Slightly above average temperatures are expected for the summer season with higher anomalies possibly in the second half of the summer.

Very mixed rainfall patterns but an indication for a wetter than average July and a near normal August although the east could be drier than average. Summer rain can be showery or thundery in nature with wide variations in rain days and rain totals across a region. It is not clear of above average rain means more wet days or just some days with higher rain total which has been a feature of recent years.

Summer climate: 1981 to 2010 average daily mean temperature 14 or 15°C in many areas to 16 or 17°C in main urban areas also locally east of the moors and more widely in Somerset. Maximum temperatures average 19 to over 21°C in similar areas. July often warmer than August. Average 1981 to 2010 rain in July typically 60 to 80mm, but 40 to 60mm in places especially East of the moors and in Somerset. Locally over 100mm across the moors. August slightly small areas with the lower rain totals due to July often being drier than August.

Autumn 2020 (September October November) 

Overall above average temperature seems likely, especially later in the season. Rainfall very mixed indication, most models have some longer dry periods but do not agree which month might be the drier or wetter month. Overall signal is for near normal rain although eastern parts of the region could be drier than average.

Autumn climate: 1981 to 2010 average mean temperature 11 or 12°C but nearer 10°C in rural areas. Maximum temperatures average 14 to 16°C. November normally colder than October which is colder than September. Average 1981 to 2010 rain 300 to 400mm, 600 to 800mm over the moors but east of the moors and in lowland Somerset more like 200 to 300mm. September often drier than October or November.

Winter (2020 December 2021 January February) limited data.

A milder than average winter in indicated although February could see temperatures nearer average. Rainfall could end up near average but at least one moth is likely to be wetter than average and again some longer drier spells are suggested but little agreement as to when. Below average snowfall (snow chiefly over the moors) is most likely.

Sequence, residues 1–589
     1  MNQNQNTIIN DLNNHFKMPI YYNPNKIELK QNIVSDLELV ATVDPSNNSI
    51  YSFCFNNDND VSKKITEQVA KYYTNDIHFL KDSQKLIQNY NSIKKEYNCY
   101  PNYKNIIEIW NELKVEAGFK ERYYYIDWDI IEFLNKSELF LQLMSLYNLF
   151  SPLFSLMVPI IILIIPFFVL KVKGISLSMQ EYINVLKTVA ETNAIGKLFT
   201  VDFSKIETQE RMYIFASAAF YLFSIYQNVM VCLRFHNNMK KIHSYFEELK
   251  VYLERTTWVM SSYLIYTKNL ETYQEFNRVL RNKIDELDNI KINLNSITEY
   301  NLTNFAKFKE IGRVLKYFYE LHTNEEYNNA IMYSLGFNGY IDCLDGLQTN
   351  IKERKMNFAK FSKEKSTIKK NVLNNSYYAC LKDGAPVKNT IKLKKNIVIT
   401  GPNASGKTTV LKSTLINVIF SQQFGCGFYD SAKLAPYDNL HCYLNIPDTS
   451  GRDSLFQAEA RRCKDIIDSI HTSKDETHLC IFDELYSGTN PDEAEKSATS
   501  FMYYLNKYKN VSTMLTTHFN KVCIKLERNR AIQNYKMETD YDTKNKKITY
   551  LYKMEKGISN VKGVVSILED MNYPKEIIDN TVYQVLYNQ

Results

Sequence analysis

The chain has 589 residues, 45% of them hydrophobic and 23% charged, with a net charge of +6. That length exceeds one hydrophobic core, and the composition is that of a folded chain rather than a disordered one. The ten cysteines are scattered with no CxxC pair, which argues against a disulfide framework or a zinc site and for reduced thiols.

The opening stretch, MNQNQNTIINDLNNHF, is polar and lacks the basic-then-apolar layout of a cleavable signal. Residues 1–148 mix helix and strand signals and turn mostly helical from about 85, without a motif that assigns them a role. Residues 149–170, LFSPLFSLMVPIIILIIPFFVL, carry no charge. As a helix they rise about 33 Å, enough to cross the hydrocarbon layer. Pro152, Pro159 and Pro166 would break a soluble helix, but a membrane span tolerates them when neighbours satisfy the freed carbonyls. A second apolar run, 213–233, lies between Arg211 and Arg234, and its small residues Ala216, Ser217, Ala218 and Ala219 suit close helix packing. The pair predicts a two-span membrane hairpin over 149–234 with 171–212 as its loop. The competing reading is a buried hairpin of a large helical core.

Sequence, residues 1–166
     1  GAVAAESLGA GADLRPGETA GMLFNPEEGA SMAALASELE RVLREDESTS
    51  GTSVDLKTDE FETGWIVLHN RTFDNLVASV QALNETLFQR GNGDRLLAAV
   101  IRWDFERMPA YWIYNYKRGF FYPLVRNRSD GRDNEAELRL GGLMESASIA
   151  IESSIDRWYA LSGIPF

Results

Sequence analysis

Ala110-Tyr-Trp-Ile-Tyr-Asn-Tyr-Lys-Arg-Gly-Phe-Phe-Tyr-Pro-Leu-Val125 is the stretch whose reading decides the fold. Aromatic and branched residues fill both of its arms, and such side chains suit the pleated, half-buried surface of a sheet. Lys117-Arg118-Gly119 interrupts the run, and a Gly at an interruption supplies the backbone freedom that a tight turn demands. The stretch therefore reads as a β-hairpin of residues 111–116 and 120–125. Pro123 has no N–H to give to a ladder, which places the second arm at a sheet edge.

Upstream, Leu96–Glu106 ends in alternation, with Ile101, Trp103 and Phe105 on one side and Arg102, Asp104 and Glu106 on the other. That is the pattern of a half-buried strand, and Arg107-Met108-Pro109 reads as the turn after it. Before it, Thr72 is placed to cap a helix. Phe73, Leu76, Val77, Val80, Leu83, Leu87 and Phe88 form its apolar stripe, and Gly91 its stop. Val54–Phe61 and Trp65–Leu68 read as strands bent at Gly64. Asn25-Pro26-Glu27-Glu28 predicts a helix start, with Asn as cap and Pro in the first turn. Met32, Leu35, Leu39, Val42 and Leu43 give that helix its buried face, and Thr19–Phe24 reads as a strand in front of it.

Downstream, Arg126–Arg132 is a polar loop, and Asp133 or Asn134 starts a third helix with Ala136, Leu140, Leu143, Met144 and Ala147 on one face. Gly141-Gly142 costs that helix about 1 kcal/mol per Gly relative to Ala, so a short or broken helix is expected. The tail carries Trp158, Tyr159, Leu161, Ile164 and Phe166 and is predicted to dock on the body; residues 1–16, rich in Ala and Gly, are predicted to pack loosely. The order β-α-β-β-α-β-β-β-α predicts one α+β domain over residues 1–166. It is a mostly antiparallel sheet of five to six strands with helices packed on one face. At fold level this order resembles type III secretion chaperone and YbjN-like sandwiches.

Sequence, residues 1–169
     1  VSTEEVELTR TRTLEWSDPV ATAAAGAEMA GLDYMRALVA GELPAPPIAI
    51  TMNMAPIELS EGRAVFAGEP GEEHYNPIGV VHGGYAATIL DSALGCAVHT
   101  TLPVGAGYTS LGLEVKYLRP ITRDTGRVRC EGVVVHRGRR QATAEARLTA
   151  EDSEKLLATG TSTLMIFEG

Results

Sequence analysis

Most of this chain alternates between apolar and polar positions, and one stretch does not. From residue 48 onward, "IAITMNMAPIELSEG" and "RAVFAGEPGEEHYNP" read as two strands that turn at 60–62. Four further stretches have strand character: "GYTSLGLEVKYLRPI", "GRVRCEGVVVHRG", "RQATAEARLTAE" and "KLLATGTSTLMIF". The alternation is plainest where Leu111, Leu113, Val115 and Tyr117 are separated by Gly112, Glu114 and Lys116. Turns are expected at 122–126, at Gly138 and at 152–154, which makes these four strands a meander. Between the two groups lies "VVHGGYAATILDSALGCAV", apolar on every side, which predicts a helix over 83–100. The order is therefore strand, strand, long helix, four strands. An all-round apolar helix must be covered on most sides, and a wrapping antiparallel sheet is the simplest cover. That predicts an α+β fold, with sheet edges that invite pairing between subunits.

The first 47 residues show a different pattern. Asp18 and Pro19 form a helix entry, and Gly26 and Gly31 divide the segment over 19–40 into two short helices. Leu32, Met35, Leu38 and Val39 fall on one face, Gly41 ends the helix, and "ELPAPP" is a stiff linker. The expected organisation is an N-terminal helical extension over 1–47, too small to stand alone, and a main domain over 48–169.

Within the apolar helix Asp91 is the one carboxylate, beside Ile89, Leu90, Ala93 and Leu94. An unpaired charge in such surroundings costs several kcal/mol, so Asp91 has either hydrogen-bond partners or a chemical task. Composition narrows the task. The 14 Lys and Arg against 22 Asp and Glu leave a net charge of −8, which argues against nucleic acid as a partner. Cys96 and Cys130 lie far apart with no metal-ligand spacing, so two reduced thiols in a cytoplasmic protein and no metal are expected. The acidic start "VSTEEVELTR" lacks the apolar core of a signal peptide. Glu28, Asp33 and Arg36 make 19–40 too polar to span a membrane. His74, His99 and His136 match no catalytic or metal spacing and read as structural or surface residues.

Winter Climate: 1981-2010 average temperature values for lowland areas 7°C in the West and 5°C in the East. Rainfall; Dec and Jan typically wetter than February. 1981-2010 Autumn average 300-400 mm lowlands but 200-300 mm areas to E of Dartmoor. Snow climatology less than 5 days lying snow over lowland areas 5 to 10 hills, say hills around 200 metre elevation – one in three years have no lying snow.

3. Caution.

Experimental Long Range Forecasts do not have a good success rate. The data used for the above forecast summary can be seen at  here.

The attempt at a Regional Forecast for SW England aims to test whether such a forecast of temperature and rainfall variation from average can be made using numerical model data available on the internet. The forecast should not be used for any other purpose. A brief verification summary for the UK and Eire is routinely published at http://www.weather-info.co.uk/wxsvc/Verification.html or Click here for the Teignmouth and Dawlish summary

4. References.

SST anomaly NOAA Remote Sens. 2014, 6(11), 11579-11606; doi:10.3390/rs61111579

IRI statistics: Mason, S.J. and L. Goddard, 2001: Probabilistic precipitation anomalies associated with ENSO. Bull. Amer. Meteor. Soc., 82, 619-638.

UK climate details see: http://www.metoffice.gov.uk/public/weather/climate/

NMME information:   http://journals.ametsoc.org/doi/abs/10.1175/BAMS-D-12-00050.1

CFS2  info

GLOFAS Acknowledgement: Data were provided by the Global Flood Awareness System – GloFAS (http://www.globalfloods.eu/) of the European Commission Joint Research Centre and the European Centre for Medium-Range Weather Forecasts.
Reference: Alfieri, L., Burek, P., Dutra, E., Krzeminski, B., Muraro, D., Thielen, J., and Pappenberger, F.: GloFAS – global ensemble streamflow forecasting and flood early warning, Hydrol. Earth Syst. Sci., 17, 1161-1175, doi:10.5194/hess-17-1161-2013, 2013.

‘Copernicus Products’  as listed in the C3S or CAMS Service Product Specification or any other items available through an ECMWF Copernicus  http://climate.copernicus.eu

International seasonal monthly data from WMO

Stratospheric Diagnostics from Japan Met Agency and ECMWF via  Free University Berlin

Climate data from The Met Office UK and NCEP USA